Indeed, with expansive government control, you’d be unfairly subjected to a public school system, a national postal service, an ambulance or fire truck should you ever have the need, an agency that ensures your burgers don’t routinely come with lettuce, tomatoes, and e.coli.  It provides for an environmental protection agency which ensures that Business X can’t dump its toxic waste where you fish, and a national infrastructure that isn’t bursting at the seems, or crumbling beneath the surface…actually, scratch that one.  But, you understand the point.  Obviously, this is merely a minor difference in perspective.

Except that it isn’t minor at all.  As the Pew Racial Wealth Gap Study recently pointed out, the economic policies largely championed by anti-government lawmakers in the last 25 years have severely affected the livelihoods of Americans who have been well-served by the “intrusive” hand of government.  Because without it, persons of those groups remained both separate and perpetually unequal.  And here is where the current ideological divide got its start:  it was in the audacity of minorities to want to be equal, to want access to opportunity.

But for folks, granting access to the outsiders resulted in their own loss.  They misinterpreted Civil Rights as minority rights or Black rights or poor rights or women’s rights — namely, everyone’s rights except for theirs.  It was terrifying for the powers-that-be to acquiesce to the persistent erosion of their own power — driven by “big government.”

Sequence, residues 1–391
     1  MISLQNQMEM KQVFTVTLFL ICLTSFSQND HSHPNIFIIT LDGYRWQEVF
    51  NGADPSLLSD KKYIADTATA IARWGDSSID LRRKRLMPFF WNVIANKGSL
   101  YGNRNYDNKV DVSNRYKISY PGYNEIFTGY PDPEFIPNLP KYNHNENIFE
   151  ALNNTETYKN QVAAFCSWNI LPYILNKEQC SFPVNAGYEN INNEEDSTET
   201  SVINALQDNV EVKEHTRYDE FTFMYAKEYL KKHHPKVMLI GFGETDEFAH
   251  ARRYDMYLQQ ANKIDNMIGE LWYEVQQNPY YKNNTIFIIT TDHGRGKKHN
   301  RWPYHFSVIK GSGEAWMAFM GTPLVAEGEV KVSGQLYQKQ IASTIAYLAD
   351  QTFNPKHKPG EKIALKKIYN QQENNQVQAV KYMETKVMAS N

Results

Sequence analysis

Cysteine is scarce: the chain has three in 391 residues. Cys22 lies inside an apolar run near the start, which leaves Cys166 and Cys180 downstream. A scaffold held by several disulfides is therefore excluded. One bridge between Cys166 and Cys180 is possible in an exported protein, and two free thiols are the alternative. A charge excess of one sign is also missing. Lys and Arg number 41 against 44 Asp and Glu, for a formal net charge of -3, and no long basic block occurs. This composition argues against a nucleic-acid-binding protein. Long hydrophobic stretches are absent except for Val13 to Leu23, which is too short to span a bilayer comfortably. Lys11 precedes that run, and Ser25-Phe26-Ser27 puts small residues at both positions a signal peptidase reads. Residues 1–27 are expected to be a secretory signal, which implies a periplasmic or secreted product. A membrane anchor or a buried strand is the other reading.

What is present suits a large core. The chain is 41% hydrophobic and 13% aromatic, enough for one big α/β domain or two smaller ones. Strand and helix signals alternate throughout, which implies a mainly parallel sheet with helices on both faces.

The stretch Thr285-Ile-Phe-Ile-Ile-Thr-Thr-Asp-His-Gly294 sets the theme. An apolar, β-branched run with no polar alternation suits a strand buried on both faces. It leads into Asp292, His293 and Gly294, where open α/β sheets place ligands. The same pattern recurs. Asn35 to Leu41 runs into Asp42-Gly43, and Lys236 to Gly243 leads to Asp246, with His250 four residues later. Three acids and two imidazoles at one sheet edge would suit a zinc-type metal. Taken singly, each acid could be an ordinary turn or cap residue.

Enter 2011 party politics, and the debt ceiling debate.  There is no real debate, no real crisis of which to speak.  Congressional Republicans are holding up a routine practice for the sole purpose of political posturing — so that they can finally cut government spending (which is a legitimate issue) by gutting programs designed to aid the nation’s most vulnerable, and its middle class alike.  Indeed, one side of the aisle still believes in expanding the opportunity to achieve the American dream; on the other side, if you don’t already have it, or plan to inherit it, then you shit outta luck.

And sadly, poor or middle class people concerned with “runaway government passing on debt to their children and grandchildren” have bought into a narrative that serves no one’s interests, unless they are wealthy ones.  Make no mistake about it, this is class warfare.  The problem is that many Americans unfortunately are disillusioned about which class they actually are in.

In the last few days, I learned about the current Governor of North Carolina, Bev Perdue.  North Carolina has traditionally been a politically divided state, sometimes led by a Democratic Governor, but legislatively controlled by Republicans.  In this ruinous Tea Party era, Governor Perdue has vetoed Republican bills that seek to roll back protections on abortion, off-shore oil drilling, jury awards in medical malpractice suits, environmental restrictions, and bills which give businesses more freedom to deny benefits to unemployed workers.  Now, because her state legislature is Republican, nearly all Governor Perdue’s vetoes have been overturned.  But her purpose in vetoing these bills hasn’t been to win.  No, Governor Perdue wants to go on record having made a clear distinction about where she stood when North Carolina made a U-turn on progress.

I suspect that if no deal is reached in the debt ceiling debacle, and the country’s economy plummets into default, at least I’ll know where my President stood.  And who stood against him.

Pay.  Attention.